My Mom turned 86 last month so you know I am no kid, even though the image here might make it seem so. (This is actually an old photo! It’s not my mom by the way, oh, and that’s not me. Actually I have no idea who this is but I like the ocean and I like my mom, we did live in California for a while close to the Pacific so I decided to use this shot. I wish we had a photo of the two of us like this.Maybe we do and I have just never seen it!)
Does your Mom read your blog? Mine does and not only that she almost always sends me comments or questions based on the theme I have chosen for the week. She doesn’t always get exactly what I am working on, she never worked in a very large organization like many of those I have consulted to over the past twenty years, but she does a pretty good job and mainly I appreciate the encouragement.
Having my Mom read my blog got me to thinking about engagement from another perspective than I had recognized in the past. Is there a connection, reflection or correlation between love, which I know is the motive behind my mother reading my blog, and a manager’s engagement with the people reporting to them?
I recall that my very first “grown up” manager after graduate school really spoiled me by caring as much as he did. From the very beginning he took a personal interest, not only in me but in each person who reported to him. One of the events that truly impressed me back then was an occasion when I was really pressed for time on an assignment. Shortly after I turned in the work my manager appeared in the doorway of my office and asked if we could talk, of course I accepted his request. He had the assignment I had left with him in hand but began our conversation by asking me how I was doing personally as he seemed to know that I had been jammed up by the pressure of multiple deadlines. We talked for a while and then just as he rose to leave he handed me the assignment in his hand and suggested that I take another day before turning it in. He said that when he looked over the work I had presented he was concerned that I was stressing because what I had turned in was not my best work. Eventually this manager was one of two people I mention in the dedication of my 2006 book THRIVE: Standing on Your Own Two Feet in a Borderless World.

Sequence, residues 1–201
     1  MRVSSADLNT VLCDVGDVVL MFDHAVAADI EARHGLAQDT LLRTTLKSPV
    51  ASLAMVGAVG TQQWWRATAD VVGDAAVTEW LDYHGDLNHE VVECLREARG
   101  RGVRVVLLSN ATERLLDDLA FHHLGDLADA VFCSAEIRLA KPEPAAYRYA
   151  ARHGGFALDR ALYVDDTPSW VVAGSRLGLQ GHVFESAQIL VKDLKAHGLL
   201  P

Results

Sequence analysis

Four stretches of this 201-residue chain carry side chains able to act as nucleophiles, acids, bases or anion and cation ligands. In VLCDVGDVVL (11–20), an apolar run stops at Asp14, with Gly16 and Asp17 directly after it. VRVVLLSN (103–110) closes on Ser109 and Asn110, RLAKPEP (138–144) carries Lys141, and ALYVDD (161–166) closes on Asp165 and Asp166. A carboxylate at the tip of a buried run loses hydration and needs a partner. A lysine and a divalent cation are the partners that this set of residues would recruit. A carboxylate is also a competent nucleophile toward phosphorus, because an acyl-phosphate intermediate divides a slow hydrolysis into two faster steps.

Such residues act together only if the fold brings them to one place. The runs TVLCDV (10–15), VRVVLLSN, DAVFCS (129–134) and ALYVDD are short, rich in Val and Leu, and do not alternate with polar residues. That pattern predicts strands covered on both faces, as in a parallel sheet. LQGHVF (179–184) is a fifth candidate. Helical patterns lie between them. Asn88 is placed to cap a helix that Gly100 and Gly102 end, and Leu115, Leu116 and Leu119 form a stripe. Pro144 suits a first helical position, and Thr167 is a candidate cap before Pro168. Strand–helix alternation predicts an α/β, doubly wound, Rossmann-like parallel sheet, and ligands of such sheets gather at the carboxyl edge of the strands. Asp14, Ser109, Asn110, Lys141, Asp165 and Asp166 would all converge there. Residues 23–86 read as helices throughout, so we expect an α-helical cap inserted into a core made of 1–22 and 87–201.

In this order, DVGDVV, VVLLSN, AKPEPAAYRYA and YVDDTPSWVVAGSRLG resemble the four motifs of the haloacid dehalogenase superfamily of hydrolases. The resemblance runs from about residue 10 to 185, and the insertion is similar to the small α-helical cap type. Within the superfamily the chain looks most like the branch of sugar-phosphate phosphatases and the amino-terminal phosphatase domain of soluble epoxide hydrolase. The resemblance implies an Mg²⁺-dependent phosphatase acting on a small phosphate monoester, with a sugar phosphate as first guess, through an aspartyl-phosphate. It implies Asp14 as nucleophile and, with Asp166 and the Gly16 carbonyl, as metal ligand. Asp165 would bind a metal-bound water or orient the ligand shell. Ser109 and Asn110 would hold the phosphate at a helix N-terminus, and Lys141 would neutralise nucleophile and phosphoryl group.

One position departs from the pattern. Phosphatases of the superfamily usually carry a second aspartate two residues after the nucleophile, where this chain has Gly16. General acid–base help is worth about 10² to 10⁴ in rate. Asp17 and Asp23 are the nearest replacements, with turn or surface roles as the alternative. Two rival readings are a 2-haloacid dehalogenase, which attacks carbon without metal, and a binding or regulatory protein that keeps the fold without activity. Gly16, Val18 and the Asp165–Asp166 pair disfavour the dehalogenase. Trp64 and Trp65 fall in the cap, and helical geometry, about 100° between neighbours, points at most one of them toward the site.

Did I experience being “loved” by this manager? No, at least not in the same sense that I feel with my mother. I did feel cared about as a person and honestly, in a work environment that was much more than I had anticipated would be available. It made a huge difference to me then and it made a huge difference to me later as an employer myself. I have always made it a point to let the people working in our organization know in obvious ways that they were cared about. We have never paid the most, in fact virtually everyone who has ever worked for my company has taken a reduction in salary to join us. It seems that over time we have developed a reputation for being something more than the ordinary workplace, some place offering a special experience, like the special experience of having your Mom read your blog.
With my Mom I know it’s love, with the people that work for me, they can call it whatever they like, it is free and it is authentic.
If you are a manager, do the people reporting to you have a sense that they are cared about as people?
If you are not a manager, do you have the experience of being cared about as a person?